Fundraising During Coronavirus and Economic Uncertainty

There is no question that we, who work in the non-profit world, are in unchartered waters with the coronavirus and the economic uncertainty it is causing. We’ve heard over and over from clients that they are struggling to make decisions because the situation is changing minute by minute. 

As everyone scrambles to implement plans for dealing with operational disruptions and closures, staff and volunteer shortages, and increased demand for their services, one thing is clear–the work must go on. The organization must remain true to its mission. And to do that, fundraising must continue.

History shows us that economic downturns can be survived. Yes, giving may decrease, but it won’t stop and for some non-profits it could be a period of fundraising success. 

We encourage all of our non-profit friends to look beyond this crisis to the future and offer the following recommendations to help traverse this stormy period and not just survive–but arrive safely on the other side with even stronger donor relations and engagement. 

Keep fundraising. Just like in good times, retention is key. It costs more to get a gift from a lapsed donor than one who has given recently, so it’s critical that you stay in the hearts and minds of your current donors. Giving has NEVER ceased completely, even during the recession in 2008-2009. To get the gift, you have to ask. So, keep asking.

Charitable giving bar chart: 1978 to 2018
Source: The Center on Philanthropy at Indiana University, Giving USA 2019

Tell your story and detail the need. Be honest with your current donors. Outline the impact the coronavirus and the economic downturn are having on your organization. If you’re experiencing increased demand for your services, let them know. If you’re doing everything you always do and with fewer people, let them know. Take a storytelling approach to give donors the opportunity to connect emotionally with you during this time of need.

Explore your lapsed donors for reactivation. Depending on the kind of services you provide, now may be a perfect time to ask them to re-engage. 

Reach out to major gift donors personally. Find out if they will be able to continue their support at prior levels. They may be able to move annual gifts to earlier in the year to help offset canceled events or other face-to-face fundraising activities.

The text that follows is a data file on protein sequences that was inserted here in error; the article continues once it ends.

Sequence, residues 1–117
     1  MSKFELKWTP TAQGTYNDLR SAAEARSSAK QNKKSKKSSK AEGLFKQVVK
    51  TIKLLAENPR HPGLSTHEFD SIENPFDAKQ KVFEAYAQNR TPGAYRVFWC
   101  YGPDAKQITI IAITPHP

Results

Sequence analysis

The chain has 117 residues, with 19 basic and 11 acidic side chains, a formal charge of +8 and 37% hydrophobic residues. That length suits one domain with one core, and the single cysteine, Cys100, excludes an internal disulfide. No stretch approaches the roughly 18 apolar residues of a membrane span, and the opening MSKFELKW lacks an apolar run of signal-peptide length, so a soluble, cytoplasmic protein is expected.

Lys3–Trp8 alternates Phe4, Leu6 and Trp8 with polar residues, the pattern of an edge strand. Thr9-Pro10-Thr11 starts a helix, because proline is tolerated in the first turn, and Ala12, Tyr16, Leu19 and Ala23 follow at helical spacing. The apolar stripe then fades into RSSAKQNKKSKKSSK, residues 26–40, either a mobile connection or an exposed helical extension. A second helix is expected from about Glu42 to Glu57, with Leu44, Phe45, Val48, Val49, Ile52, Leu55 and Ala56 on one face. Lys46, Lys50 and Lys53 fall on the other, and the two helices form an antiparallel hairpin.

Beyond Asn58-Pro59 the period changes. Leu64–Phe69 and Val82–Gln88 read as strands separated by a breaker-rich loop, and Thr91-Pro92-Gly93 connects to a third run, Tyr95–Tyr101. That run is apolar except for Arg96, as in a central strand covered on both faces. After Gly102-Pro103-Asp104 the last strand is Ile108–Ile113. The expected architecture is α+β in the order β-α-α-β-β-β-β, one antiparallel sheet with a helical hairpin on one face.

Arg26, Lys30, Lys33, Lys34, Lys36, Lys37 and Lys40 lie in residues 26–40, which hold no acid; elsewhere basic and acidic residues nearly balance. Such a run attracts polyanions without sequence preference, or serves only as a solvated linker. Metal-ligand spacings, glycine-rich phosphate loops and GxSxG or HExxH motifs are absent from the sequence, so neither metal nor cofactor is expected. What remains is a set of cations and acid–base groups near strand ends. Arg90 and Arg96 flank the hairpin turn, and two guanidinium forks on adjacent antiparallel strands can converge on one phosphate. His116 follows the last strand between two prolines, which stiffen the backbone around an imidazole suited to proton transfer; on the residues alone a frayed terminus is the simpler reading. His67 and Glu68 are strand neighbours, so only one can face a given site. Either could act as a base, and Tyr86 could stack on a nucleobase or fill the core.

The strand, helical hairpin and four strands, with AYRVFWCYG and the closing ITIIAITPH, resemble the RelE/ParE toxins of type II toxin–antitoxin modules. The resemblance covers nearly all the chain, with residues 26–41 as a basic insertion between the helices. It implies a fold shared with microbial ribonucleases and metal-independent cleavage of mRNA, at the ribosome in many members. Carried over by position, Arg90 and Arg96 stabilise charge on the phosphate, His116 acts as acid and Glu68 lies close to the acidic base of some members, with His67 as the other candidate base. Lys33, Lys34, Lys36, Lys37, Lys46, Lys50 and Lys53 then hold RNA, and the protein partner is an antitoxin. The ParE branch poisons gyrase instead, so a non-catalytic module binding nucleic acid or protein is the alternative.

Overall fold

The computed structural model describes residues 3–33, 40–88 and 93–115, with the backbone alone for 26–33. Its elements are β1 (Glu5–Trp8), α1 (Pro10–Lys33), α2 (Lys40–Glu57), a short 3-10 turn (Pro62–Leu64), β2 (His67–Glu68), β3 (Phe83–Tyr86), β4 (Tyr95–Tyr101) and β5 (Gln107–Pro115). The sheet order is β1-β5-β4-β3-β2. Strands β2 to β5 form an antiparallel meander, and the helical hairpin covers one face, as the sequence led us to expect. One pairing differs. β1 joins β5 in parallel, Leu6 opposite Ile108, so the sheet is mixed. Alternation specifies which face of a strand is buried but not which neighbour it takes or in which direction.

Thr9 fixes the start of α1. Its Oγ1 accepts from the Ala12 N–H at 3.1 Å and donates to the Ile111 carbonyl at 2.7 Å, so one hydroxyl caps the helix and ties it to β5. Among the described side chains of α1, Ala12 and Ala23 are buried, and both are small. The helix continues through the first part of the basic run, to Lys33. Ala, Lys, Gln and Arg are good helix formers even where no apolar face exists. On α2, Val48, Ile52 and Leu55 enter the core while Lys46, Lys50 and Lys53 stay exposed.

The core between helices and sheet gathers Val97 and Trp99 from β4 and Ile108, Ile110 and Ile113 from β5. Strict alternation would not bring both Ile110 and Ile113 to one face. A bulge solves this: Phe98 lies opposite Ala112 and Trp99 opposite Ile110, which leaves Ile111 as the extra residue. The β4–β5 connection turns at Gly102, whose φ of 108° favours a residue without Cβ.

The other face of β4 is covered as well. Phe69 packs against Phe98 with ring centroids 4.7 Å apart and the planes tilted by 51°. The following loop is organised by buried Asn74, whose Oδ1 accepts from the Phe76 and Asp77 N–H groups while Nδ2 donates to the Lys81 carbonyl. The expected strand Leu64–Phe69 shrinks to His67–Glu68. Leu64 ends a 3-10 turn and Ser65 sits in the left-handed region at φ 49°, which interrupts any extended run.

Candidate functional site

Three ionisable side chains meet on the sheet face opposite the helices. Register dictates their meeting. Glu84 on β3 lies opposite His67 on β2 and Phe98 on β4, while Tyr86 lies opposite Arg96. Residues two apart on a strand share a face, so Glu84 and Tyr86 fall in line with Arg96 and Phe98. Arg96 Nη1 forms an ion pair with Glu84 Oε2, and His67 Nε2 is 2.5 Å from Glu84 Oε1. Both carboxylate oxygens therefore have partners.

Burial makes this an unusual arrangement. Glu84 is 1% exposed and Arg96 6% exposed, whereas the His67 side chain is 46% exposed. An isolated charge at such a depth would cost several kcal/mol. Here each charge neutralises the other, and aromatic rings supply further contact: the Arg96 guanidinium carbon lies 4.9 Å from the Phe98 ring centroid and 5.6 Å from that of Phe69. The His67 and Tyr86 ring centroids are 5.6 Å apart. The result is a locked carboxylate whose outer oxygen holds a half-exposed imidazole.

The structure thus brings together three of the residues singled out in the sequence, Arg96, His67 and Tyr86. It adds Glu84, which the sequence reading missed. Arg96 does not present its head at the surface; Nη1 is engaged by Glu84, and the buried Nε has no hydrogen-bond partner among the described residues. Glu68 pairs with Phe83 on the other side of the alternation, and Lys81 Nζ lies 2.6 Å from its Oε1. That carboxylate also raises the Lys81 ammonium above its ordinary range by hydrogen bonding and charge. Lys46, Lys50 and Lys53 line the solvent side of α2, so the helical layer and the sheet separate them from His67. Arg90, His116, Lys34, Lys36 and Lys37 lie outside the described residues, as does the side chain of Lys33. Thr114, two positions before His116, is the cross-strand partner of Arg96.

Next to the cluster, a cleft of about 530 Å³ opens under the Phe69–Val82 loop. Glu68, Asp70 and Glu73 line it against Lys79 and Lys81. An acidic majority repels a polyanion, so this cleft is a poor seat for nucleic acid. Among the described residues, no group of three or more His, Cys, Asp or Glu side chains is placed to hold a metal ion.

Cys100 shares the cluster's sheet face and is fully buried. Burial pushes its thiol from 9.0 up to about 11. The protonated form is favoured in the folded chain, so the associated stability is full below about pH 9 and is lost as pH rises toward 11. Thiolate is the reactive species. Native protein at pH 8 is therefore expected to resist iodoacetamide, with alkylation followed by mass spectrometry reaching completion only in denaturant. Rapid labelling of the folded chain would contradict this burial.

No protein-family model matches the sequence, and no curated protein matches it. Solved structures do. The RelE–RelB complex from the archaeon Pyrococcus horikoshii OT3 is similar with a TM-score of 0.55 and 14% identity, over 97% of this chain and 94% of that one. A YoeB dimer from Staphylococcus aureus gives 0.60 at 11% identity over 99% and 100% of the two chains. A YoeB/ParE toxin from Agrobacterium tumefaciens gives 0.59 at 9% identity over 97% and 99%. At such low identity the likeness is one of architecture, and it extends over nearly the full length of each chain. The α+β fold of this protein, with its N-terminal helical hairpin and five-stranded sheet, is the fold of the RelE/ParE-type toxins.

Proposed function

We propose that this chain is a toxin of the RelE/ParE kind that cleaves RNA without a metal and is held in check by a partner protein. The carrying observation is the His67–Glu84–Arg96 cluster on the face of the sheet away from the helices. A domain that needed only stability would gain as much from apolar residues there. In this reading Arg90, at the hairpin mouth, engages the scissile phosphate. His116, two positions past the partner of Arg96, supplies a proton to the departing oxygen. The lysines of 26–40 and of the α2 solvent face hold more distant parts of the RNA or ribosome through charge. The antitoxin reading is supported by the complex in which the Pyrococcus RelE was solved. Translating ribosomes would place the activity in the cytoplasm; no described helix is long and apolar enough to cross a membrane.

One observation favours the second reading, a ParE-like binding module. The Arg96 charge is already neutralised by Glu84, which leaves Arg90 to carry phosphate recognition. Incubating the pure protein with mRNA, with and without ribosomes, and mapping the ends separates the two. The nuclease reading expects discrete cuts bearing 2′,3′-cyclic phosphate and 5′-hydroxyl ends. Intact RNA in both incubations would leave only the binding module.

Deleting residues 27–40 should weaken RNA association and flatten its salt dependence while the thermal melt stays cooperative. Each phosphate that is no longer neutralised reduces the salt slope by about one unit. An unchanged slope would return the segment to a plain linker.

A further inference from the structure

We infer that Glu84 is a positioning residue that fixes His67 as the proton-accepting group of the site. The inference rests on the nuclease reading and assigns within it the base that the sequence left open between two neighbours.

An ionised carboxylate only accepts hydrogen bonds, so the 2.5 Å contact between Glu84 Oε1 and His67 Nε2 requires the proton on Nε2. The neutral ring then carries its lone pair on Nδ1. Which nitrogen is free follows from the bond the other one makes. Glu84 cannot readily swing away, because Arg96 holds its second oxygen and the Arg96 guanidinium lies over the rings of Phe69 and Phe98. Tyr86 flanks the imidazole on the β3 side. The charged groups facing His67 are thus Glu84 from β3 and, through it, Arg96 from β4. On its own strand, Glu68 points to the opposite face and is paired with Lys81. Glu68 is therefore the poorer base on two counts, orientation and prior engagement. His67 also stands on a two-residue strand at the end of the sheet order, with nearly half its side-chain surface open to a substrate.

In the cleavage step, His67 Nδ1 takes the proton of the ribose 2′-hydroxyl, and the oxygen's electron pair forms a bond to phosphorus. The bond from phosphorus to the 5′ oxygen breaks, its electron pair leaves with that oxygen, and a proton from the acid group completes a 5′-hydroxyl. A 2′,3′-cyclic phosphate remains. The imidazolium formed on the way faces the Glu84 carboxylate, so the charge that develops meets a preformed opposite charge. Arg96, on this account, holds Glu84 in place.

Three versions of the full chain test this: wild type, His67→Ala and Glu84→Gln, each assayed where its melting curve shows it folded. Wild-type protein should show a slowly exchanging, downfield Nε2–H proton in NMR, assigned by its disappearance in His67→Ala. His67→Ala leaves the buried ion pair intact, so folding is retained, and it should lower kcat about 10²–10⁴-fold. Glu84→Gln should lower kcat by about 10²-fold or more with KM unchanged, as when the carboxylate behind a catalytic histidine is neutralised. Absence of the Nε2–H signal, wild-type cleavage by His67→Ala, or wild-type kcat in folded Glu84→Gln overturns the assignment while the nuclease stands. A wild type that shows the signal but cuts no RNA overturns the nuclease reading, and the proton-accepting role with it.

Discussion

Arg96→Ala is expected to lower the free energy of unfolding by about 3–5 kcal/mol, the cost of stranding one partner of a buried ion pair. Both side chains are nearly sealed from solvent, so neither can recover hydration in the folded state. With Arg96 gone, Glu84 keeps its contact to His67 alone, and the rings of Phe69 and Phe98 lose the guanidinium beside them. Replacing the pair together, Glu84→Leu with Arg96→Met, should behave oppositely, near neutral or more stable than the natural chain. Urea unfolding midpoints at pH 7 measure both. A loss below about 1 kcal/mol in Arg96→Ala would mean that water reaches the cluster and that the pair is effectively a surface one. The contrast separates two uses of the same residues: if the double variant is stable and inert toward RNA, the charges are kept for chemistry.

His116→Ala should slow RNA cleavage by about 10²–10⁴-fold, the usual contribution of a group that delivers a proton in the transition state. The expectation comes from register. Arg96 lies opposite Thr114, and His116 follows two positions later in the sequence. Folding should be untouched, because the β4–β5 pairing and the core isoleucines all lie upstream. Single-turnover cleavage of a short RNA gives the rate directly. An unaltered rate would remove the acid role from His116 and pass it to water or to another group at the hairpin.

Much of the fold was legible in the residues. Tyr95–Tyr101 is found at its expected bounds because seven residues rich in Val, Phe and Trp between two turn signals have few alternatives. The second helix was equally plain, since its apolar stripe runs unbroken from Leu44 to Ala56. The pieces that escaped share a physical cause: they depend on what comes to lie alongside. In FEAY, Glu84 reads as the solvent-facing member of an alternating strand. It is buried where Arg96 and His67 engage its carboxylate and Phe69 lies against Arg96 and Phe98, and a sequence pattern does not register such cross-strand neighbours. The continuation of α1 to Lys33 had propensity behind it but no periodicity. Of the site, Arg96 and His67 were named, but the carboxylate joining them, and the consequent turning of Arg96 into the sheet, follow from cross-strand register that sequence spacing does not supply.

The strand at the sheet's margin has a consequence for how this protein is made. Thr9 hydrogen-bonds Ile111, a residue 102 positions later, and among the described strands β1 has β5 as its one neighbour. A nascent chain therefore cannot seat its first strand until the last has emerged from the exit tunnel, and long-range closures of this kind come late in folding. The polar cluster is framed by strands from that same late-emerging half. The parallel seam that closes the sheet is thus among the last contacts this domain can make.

Evaluate your acquisition efforts. It could be a great time to introduce new donors to your mission. Especially if you’re experiencing increased demand for your services, or investing in new ways to deliver on your mission. Be more strategic and selective about the new audiences you solicit during the crisis. If you are soliciting event goers or using outside lists in your acquisition appeals, consider adding more data points to gain insights on the most likely responders to manage your expense. Evaluate channels (direct mail, digital media, social media, email) for their ability to leverage these data insights to reach new audiences who look like current donors, have the capacity to give and have demonstrated a connection to your cause.

Brainstorm ways to engage with donors online. If possible, stay top-of-mind by using video to illustrate that your organization is continuing to deliver on its mission even with reduced staff and volunteer support.

Articulate your financial responsibility. When the economy is slow, donors are especially anxious to know that their funds are being used wisely. 

Plan for the future. This crisis will pass, so start planning now for that day and be ready to maximize the return to normal. Think of ways to show gratitude to those that stepped up during this challenge. Make personal phone calls, schedule recognition activities or find ways to show gratitude to these donors. Share with them the impact of their support during the crisis and you may just find your next major donors. 

Don’t forget fundraising basics. Make your appeals personal, emphasize the importance of the donor and their direct impact on the good work you’re doing, thank the donor repeatedly, and ASK FOR THE GIFT!

Most of all, as the English say, Keep Calm and Carry On! Keep your mission at the forefront of your decision-making and your eye on the future and you will find yourself with a healthy fundraising program that’s ready to take on the next challenge. 

Mark M Gaskill
Mark M Gaskill

EVP of Marketing Solutions

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